Corporate courtesies: Is respect in the workplace been abandoned?

From prime minister Tony Blair to teenagers wearing ‘hoodies’ standing around on street corners, everyone seems to be talking about respect. But while this has previously seemed a fairly vague concept, research shows that lack of respect is having a specific and damaging effect on our working lives.


Communication consultancy CHA’s Business Behaving Badly survey of more than 1,000 workers found that common courtesies are being abandoned in workplaces across the UK. And it is costing businesses money.


“Rude companies inevitably experience poor engagement and motivation, and high stress levels and absenteeism,” said CHA chief executive Colette Hill.


The problem, it appears, starts at the top. Almost half of respondents said employees in their organisation are bullied into doing things by their bosses. Four out of 10 workers feel that criticism is not given constructively.


This approach filters down throughout the company. “In an organisation where leaders are selectively courteous, others will inevitably follow the unspoken rules of engagement,” said Hill.


Meetings are a classic place for disrespect to surface. Top complaints include turning up late, cancelling at short notice, interrupting colleagues and ignoring people.


“At a meeting at head office, being the most junior member of staff present, my opinions and ideas were ignored,” said one respondent to the survey. “Yet when a senior member of staff said exactly the same thing a little later, he was praised by the chair.”


And despite being dragged to meetings every time the photocopier needs new paper or someone has used the office milk supply for thecereal, many workers feel they are being left in the dark over important issues.


“Major changes are not communicated at all well, even when they have a major impact on the staff,” added another respondent. “This causes frustration, and inaccurate rumours are often circulated.”


More than 50% of employees say meetings over delicate issues are shunned in favour of the curse of all large organisations – the group e-mail. “People are more negative and blaming on e-mail than they would be face-to-face,” said one. “E-mail is used to cover people’s backs, and takes trust away.”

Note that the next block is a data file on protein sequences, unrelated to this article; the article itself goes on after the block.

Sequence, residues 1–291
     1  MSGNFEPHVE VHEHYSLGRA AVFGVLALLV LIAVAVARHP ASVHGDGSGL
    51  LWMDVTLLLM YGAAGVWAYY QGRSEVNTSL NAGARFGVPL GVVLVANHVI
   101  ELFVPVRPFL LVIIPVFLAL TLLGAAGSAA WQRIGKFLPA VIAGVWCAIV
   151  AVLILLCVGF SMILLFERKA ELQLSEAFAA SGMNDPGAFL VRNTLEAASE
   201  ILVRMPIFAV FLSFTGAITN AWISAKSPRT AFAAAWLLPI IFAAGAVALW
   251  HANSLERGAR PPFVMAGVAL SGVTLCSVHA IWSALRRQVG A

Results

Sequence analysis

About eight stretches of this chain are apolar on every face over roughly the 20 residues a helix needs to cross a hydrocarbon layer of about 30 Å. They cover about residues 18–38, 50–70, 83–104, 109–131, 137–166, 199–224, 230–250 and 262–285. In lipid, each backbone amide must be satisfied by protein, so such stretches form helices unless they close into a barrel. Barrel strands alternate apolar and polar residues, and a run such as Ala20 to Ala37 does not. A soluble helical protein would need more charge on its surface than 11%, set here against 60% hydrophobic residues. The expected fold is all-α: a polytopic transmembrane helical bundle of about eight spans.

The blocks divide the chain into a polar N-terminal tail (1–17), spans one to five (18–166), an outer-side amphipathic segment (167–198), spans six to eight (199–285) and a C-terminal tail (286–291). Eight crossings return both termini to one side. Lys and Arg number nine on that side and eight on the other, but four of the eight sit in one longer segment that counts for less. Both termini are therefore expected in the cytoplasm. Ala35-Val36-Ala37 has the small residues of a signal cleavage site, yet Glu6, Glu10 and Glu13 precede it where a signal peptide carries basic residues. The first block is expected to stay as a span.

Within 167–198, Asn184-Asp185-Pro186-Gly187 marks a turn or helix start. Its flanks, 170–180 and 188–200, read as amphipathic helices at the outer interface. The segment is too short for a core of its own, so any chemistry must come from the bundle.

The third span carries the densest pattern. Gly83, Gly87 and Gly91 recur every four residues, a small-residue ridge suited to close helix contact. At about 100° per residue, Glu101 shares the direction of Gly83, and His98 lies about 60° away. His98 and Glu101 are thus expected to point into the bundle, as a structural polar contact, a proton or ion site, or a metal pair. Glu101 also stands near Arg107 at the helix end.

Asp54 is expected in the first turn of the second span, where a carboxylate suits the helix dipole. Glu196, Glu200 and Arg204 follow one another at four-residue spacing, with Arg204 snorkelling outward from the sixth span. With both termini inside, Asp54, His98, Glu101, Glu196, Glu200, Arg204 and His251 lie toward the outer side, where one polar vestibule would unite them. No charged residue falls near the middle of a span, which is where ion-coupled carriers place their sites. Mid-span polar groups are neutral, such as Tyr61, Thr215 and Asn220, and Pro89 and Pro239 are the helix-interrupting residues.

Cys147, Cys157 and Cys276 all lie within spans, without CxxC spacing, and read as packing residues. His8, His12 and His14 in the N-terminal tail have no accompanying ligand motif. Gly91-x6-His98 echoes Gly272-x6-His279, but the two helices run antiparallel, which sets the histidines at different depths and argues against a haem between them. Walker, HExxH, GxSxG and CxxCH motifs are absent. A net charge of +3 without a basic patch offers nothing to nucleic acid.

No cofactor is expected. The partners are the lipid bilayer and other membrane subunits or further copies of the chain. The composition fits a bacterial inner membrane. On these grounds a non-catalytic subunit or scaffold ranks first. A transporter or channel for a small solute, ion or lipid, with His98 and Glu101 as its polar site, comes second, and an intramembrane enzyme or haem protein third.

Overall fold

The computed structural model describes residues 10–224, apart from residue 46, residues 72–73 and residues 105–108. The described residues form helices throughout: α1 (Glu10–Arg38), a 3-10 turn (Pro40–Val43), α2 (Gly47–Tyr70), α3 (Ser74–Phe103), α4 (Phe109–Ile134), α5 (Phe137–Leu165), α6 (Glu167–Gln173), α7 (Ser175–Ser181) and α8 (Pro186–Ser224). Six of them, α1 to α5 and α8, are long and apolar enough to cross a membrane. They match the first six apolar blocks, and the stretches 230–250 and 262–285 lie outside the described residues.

A significant proportion said e-mails are sent to all staff without proper thought about who actually requires the information. Do workers in the Manchester office really care that those on the second floor of the Lowestoft branch can’t use the toilets on the third floor until the plumber comes later that afternoon?


Interestingly, however, while over-use of communications tools is a major gripe of 21st century employees, not responding to e-mails and phone calls also annoys people. Respect is clearly a fine line for bosses and employees to tread. This is perhaps best illustrated by the cringe-factor of some attempts to put things right.


“We begin every meeting by asking everyone to summarise their expectations for that meeting,” says Tesco press officer Deborah Watson. “At the end, expectations are reviewed to ensure that they have been met and, if they have not been, to understand why.” Presumably workers are allowed meal and sleep breaks throughout this long-winded procedure.


Meanwhile, energy supplier E.ON UK should consider employing Alan Partridge


“When some of our field-based employees said they wanted to hear more about the company, we introduced Newsline,” said internal communications manager Lesley Kent. “It’s a phone-in radio-style show so they can listen to our news every week.”


Perhaps, on balance, lack of respect doesn’t seem so bad.


Top tips on corporate courtesy:




  • Say please and thank you


  • Don’t use e-mail to break difficult news, reprimand or comment on behaviour


  • Start and end meetings on time


  • Tailor your communications to meet individuals’ needs 


  • Respond to all voice-mails and e-mails within 24 hours

Source: CHA

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